Going through my usual motions yesterday, I came across an excellent post on EventureBiz.com, “Negotiating: it never hurts to ask.” In this post Lindsey writes:
Every time a new contractor would come in to do something he would ask them to also do something else (without charging any extra). Since he was willing to do this we were able to get a lot of things done for nothing that would have added up to a lot of additional money out of our pockets.
What you need to keep in mind whether it be dealing with contractors, sales people or other entrepreneurs is that you need to know what you want before you talk to them. Have a game plan ready, know where you are going to start and what compromises you are willing to make.
For our investment property, we mapped out a timeline and budget. The problem was to fix up the house the way we wanted, we would have to spend well over our budget or do the work ourselves but sacrifice our timeline.
To solve this dilemma, John talked a little with each contractor that walked through our door and got to know a little about them.
For example, he discovered the mold removal contractor had a spray texture gun he used whenever he had to patch holes in walls he tore through to get to mold.
By asking this contractor to spray a few extra areas while he had the gun out we saved a couple hundred dollars.
Lindsey reiterates one of the pillars of success that I have been stressing for a long time now, ask and you shall receive. It is absolutely unbelievable how may things you can get cheaper or a better deal on, simply by asking. Do you realize that you can go into a Best Buy, and after only maybe 30 minutes of online research and a phone call or two, save potentially $500+. How?
Easy. Let’s say you’re in the market for a new High Definition Tele. You go to Best Buy first and see that they’re charging $3,800 for the one you want. You get a sales man to print out the invoice and take it to Circuit City, where you proceed to see if they can do a better job, have the new lower invoice printed and leave. Now hit the phone for a half hour calling a few other electronic stores (maybe 1 or 2) then hit amazon and eBay for the same model (it helps if you’re looking at a popular model) Do not use eBay auctions that have not ended, you must use empirical information that has been set as a transaction.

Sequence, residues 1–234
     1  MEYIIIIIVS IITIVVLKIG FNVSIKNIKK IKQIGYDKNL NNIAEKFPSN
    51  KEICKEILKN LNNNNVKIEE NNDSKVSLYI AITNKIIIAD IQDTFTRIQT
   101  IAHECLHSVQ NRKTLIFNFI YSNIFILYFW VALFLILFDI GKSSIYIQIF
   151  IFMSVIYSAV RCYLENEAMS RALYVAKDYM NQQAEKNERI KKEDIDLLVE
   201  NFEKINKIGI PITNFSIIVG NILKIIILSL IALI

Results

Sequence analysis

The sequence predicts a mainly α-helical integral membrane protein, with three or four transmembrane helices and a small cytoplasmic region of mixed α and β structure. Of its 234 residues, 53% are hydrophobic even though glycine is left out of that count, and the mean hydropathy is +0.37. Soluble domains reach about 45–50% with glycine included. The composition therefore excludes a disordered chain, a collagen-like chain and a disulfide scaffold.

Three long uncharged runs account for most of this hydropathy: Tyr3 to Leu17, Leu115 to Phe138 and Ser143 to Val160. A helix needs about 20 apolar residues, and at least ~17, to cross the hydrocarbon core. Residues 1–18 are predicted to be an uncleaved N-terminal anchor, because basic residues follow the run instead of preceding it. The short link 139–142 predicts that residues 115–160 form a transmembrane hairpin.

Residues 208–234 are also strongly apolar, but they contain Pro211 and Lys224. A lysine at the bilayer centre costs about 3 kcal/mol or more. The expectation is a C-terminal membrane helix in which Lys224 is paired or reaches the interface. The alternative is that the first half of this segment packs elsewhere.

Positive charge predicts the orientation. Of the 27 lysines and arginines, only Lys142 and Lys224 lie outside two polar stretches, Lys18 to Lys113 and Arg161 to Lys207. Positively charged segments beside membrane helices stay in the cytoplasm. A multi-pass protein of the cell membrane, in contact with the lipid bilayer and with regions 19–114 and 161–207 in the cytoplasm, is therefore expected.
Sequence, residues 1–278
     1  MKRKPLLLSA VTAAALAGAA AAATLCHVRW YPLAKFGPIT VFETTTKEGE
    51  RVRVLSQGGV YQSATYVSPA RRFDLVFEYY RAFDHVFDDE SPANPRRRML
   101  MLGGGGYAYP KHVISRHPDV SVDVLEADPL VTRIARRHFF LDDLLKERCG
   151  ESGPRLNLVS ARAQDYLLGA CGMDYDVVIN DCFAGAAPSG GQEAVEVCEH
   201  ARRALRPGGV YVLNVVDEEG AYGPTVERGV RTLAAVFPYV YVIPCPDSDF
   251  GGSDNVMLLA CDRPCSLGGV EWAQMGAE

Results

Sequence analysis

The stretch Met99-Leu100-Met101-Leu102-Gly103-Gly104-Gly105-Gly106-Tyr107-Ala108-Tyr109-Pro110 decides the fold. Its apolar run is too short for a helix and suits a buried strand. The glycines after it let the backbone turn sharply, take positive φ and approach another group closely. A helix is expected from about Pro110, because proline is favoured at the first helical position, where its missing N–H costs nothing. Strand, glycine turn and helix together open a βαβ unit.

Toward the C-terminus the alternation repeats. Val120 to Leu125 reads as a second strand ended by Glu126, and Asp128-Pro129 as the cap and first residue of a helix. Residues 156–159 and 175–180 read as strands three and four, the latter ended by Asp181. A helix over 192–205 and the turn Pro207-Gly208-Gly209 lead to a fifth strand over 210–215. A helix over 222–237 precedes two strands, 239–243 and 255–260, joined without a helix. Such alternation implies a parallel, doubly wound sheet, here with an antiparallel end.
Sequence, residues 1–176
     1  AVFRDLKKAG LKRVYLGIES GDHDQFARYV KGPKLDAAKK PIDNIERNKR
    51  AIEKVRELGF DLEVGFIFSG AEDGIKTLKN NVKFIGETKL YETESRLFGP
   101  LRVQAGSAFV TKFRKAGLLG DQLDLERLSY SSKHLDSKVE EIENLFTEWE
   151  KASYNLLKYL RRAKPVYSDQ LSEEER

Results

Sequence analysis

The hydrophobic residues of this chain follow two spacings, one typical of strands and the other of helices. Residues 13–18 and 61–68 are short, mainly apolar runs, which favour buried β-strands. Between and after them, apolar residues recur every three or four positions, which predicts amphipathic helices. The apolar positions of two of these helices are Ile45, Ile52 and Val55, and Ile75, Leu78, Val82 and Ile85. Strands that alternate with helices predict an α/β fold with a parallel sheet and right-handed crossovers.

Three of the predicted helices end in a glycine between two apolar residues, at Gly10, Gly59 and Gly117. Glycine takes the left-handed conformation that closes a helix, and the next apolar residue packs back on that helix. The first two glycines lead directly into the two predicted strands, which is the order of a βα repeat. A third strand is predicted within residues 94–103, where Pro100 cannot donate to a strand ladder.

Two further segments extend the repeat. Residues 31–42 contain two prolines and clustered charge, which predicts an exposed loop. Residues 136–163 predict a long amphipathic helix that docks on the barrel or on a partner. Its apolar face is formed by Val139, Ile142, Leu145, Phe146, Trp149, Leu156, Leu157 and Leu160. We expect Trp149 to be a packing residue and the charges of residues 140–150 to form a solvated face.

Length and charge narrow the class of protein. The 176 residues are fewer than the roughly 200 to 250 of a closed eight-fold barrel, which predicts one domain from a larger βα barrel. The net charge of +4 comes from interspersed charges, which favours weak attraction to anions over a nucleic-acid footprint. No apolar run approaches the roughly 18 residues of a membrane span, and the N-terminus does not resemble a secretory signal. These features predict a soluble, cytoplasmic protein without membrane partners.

Now head back to Best Buy with your invoice from Circuit City and your online quotes, shoot for a price a few hundred dollars under where you feel comfortable and a few hundred dollars under the lowest invoice. Be prepared to come up to where you are comfortable – at the end of this process you should be at least $500 under where you started.
Fact:I went to an electronics outlet (Boscov’s – I’m not telling the location) with $800 in my pocket. I walked around for a while, found a television I like (which happened to be on sale for $1,200) and asked, simply, what the best the salesman could do. He replied with $1,049. I said I had seen the same one (not entirely true) for $899, and inquired if he could do any better…
He thought for a moment, and said he would match $899, but it was the best he could do. I said that was very generous, but that I only had $750 on me, and I was going to buy a television today. He was a little put off, but still interested that he had a motivated buyer on the hook. He began talking about some of the other, “more moderately priced,” models. I expressed that I had no interest, and asked again if there was anything he could do.
He said he was sorry but the absolute bottom was $849, and that’s all there was to it. So I did the polite thing, thanked him for his time, and made my way to the door. He let me make it maybe ten steps, then said “I’ll do $800, there’s a cash machine across the street.”
At point he was mine. I took out my money, $800, and said this is what I got – make sure with the $45 dollars in tax you keep under $800.
They started packaging my new television.
Good post, Nick. This too is exactly what I tell people. Almost anything you buy that has a “retail” price or is a service is negotiable – especially in times like these (recession glooming).
Many people don’t ask for deals because they feel embarrassed, cheep, or scared. If this is you, this is something you must get over – if you wish to become a competitive entrepreneur, that is.
I learned this first way back when I was 15 and selling guitars in a music store. My boss always marked the price up and would go down 20% in price if needed. If the customer didn’t ask, they didn’t get the discount. And if times were really slow, he’d go even lower because he needed money – even if it was only $100.